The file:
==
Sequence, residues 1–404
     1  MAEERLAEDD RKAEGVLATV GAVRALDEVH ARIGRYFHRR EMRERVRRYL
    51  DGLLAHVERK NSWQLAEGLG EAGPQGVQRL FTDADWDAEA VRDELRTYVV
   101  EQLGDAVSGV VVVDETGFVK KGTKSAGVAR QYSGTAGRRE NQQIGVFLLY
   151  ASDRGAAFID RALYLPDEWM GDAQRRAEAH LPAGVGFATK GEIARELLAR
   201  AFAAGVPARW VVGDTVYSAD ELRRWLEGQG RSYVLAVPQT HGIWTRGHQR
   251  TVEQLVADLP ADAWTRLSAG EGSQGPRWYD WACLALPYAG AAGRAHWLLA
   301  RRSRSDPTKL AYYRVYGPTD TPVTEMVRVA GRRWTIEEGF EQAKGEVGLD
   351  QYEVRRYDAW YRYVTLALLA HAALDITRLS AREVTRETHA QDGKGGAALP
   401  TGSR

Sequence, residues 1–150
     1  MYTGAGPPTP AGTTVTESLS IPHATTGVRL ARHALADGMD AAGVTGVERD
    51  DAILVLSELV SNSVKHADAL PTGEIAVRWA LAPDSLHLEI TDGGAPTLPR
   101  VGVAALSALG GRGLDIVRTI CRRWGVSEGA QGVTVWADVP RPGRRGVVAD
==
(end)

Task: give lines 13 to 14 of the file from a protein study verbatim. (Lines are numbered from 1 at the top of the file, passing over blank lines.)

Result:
    51  DAILVLSELV SNSVKHADAL PTGEIAVRWA LAPDSLHLEI TDGGAPTLPR
   101  VGVAALSALG GRGLDIVRTI CRRWGVSEGA QGVTVWADVP RPGRRGVVAD